Again Naxos has come up with a winner with their unusual disk of music of Edvard Grieg containing more than an hour of piano pieces orchestrated by Oistein Sommerfeldt, Hans Sitt, Johan Halvorsen and, of particular interest, Geirr Tveitt's orchestration of the composer's major solo piano work, the Ballade in G minor. A wonderful collection, with Bjarte Engeset (who wrote the comprehensive booklet notes) and the splendid Royal Scottish National Orchestra in fine form, beautifully recorded by the Naxos engineering team.

Those who treasure Clara Rockmore's remarkable Delos CD, "The Art of the Theremin" (1014), will welcome this Bridge release of other works recorded during the same sessions in July 1975. Leon Theremin invented the theremin about 1920. It's an odd-looking instrument: a wooden cabinet houses a vertical pitch antenna rod, and a tubular loop that controls volume, along with tuning knobs and control switches. Low power, high frequency electromagnetic fields are manipulated by the performer's hands, which never actually touch the instrument. Sound produced is eerie and distinctive, often resembling the human voice. The instrument often was used in horror movies for eerie effects. . Rockmore (and her sister, pianist Nadia Heisenberg) were friends of Theremin and studied the unusual instrument with him. Clara made suggestions to improve the theremin and soon became a master of the instrument, giving the first solo concert in New York's Town Hall in October 1934. Bridge's new CD contains other music recorded in 1975, with three changes: an ensemble of cellos is featured in the Villa-Lobos and Fuliehan Pastorale, a guitar in Estrellita. This is an important issue.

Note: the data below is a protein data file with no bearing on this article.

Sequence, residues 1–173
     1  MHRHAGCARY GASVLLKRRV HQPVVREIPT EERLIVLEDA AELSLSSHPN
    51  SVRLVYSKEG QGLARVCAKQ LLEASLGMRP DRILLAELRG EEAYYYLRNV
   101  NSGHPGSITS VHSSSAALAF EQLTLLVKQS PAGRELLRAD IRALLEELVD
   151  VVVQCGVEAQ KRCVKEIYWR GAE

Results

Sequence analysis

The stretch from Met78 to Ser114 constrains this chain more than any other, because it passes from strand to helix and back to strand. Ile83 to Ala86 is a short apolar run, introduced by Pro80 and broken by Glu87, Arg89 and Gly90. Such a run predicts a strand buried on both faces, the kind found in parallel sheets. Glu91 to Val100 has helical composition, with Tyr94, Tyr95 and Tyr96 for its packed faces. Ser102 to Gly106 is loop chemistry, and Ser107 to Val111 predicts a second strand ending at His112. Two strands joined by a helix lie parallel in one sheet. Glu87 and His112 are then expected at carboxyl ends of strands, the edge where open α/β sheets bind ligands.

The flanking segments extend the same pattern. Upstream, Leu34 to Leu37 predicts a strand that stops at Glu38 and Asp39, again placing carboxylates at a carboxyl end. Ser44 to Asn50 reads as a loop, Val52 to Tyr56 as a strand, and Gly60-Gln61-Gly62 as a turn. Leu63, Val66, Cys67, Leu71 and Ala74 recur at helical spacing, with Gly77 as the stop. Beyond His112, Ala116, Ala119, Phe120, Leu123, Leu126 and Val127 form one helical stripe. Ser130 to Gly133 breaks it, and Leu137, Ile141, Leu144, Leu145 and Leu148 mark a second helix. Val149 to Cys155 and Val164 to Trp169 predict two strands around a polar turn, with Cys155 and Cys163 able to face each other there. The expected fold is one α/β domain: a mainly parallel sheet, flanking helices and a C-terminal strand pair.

R.E.B. (June 2007)